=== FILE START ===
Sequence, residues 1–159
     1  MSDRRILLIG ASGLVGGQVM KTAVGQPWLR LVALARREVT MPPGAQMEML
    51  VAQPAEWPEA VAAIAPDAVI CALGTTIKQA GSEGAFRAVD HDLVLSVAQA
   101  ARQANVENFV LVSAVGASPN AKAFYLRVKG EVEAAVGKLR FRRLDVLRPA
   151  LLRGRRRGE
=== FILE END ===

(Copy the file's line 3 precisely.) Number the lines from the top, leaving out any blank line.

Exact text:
    51  VAQPAEWPEA VAAIAPDAVI CALGTTIKQA GSEGAFRAVD HDLVLSVAQA